The Yanomami Scandal
By David Maybury-Lewis
Now, in a recently published book whose advance copies and excerpts in The New Yorker have created a furor, Patrick Tierney, an investigative journalist, has accused both Neel and Chagnon of committing serious abuses against the Yanomami.
Chagnon interprets his evidence to show that the Yanomami are fierce and warlike and that they fight over women. These conclusions are enthusiastically believed by many sociobiologists who know little about the Yanomami or about South American Indians but welcome Chagnon’s analysis as lending support to their theories about the nature of primitive man and of human nature. Chagnon poses as the scientist "telling it like it is," but since the way he tells it is challenged by large numbers of reputable anthropologists, including some who have also studied the Yanomami, Chagnon’s interpretation should not be accepted without question.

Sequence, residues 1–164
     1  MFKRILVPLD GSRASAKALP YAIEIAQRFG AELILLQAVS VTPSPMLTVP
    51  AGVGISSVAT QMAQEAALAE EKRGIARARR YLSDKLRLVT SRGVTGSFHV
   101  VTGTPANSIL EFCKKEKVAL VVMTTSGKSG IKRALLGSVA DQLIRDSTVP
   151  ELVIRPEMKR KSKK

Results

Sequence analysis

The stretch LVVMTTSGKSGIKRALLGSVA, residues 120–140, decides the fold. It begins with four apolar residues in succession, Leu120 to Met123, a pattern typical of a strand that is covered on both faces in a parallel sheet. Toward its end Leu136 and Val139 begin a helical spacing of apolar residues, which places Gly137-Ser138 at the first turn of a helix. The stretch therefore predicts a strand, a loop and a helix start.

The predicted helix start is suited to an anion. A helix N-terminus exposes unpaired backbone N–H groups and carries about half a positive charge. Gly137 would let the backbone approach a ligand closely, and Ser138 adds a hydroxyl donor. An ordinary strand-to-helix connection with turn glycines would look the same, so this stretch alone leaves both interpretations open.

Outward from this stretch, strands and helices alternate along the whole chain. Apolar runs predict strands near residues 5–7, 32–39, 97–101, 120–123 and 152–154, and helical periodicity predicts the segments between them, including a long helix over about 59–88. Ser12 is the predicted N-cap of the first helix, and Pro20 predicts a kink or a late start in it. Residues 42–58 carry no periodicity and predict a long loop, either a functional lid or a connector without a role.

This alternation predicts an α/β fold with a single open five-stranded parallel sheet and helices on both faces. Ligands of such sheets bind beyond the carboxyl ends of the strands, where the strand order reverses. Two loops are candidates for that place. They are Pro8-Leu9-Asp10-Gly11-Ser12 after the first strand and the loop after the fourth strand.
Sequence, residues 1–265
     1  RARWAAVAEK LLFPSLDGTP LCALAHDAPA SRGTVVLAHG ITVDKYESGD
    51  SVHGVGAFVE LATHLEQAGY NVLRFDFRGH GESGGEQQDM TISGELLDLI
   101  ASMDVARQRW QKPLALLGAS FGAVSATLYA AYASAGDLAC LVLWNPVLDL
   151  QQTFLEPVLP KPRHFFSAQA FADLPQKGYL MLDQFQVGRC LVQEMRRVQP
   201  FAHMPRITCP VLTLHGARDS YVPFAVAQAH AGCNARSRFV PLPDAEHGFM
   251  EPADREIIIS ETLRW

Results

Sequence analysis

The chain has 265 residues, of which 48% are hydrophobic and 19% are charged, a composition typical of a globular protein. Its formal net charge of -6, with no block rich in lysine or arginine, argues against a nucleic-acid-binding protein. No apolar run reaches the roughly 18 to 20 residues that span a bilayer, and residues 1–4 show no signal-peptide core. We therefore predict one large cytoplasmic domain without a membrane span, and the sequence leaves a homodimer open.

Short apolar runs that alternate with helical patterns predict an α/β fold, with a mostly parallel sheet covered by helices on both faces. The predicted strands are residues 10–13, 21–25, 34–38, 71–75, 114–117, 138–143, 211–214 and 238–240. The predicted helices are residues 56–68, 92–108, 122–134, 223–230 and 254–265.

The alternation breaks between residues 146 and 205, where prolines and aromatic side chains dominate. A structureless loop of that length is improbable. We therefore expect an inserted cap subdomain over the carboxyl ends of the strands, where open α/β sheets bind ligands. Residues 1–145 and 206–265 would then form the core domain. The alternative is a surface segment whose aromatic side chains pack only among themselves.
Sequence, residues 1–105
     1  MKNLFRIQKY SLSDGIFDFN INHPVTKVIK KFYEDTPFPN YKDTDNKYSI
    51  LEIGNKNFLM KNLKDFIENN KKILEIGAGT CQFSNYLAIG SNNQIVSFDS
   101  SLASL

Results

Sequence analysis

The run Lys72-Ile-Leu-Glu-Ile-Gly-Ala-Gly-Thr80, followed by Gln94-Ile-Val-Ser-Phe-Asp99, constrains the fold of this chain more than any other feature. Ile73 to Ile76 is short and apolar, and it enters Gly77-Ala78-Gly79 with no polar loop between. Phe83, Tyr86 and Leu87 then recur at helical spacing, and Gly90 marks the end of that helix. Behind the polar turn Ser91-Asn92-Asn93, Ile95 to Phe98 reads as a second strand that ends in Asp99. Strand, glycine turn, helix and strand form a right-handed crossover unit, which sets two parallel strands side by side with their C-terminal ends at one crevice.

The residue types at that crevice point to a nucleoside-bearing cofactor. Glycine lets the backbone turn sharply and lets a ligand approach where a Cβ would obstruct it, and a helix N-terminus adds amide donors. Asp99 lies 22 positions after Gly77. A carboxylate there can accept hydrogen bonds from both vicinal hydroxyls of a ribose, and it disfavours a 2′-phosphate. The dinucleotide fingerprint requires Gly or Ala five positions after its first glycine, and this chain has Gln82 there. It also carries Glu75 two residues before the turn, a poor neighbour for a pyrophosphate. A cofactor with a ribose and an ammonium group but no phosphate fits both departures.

For more on the subject, see Savage Indians and Uncivilized Indians.
Below: Zagar, a Yanomami-style savage who eats a pet bird because he's totally ignorant of civilized customs.